River paintings in Nepal
Rivers of the Nepal Mandala that includes Kathmandu, Patan, Bhaktapur and some other ancient towns are very well known for their cultural significance and their impact on the lives of the people on their banks. The architectonic structures come to the fore when we talk about a river and art. Such structures were made on the banks of the rivers. They were designed, taking into consideration the seasonal volumes of the water in the river. The fine temples and shades constructed along the banks of the rivers are well-known for their beautiful structures and the sculptural figures and figurine sheltered by them. One commonality that binds them is the application of colours and vermilions on these figures. Some of these sculptural sites look as though somebody has carefully painted them.
But actual references to the paintings of rivers are few and far between. We get one such reference to paintings related to river in the description of “a Capuchin Father named Cassien who had stayed in Kathmandu on his way to Tibet in the 1740s.” He has described how plays were staged near the rivers. He also mentions how artists spread “a cloth on which a river is painted” (Malla, 130). Other references to paintings and river are pretty recent. I can cite examples from my personal experience and involvement. In the following section I am going to describe some performative events involving artists and theatre performers.
In the late nineties the academic Arun Gupta came up with the idea of performing a play on a suitable spot on the bank of river Bagmati. We found a culturally rich but unvisited spot in the river. I wrote the text for that play. It is a collage of my dramatic poems and other texts from different classical sources. On September 10, 1999 Arun Gupta invited musicians and artists to play roles in that oeuvre. One of the invitees was the eminent painter Kiran Manandhar who participated with his brush and palette of colours. People would not figure out how he would paint on the river. The Capuchin Father’s description shows a piece of cloth or canvas to paint for such river performance. But Kiran did not carry any such canvas. Instead, to everybody’s surprise, he chose a quieter pool in the river where he applied colours on the surface as on a canvas. The result was a beautiful and consummate work of art. We all marvelled at the painting that triggered energy for the performance of the play titled River Stage. While some of the participants may have captured the scene in photographs and video, the power of such paintings is that the images remain in the memories of the viewers forever.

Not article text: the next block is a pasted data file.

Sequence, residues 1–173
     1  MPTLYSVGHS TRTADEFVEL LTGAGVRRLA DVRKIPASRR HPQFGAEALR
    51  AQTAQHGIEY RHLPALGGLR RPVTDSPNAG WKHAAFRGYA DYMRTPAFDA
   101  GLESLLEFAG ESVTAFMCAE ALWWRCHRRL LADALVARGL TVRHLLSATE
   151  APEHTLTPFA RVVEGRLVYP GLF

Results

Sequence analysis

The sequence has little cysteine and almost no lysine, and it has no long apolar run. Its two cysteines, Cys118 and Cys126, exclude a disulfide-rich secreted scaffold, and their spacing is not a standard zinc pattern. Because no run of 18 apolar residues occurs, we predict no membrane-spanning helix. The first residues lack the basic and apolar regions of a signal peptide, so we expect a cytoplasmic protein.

Another big programme was organised by painters and friends of the river Bagmati. The title of the programme was “Bagmati on Canvas-2008”. Some well-known painters participated in the painting-on-the-spot programme, although some were also executed indoors. A catalogue of the paintings and words was published by Friends of the Bagmati, for which I have written an introduction. This turned out to be a rare and indeed the very first such initiative, and the small catalogue produced became a record of moments celebrating the covenant or a consonance between a painter and a river. I would like to allude to a part of my introduction and interviews made with the senior and young artists who were participating in that activity. The moment was very inspiring and creative. Before putting the gist of conversations with the artists however, I would like to quote a paragraph from the catalogue to make the context clear to our readers: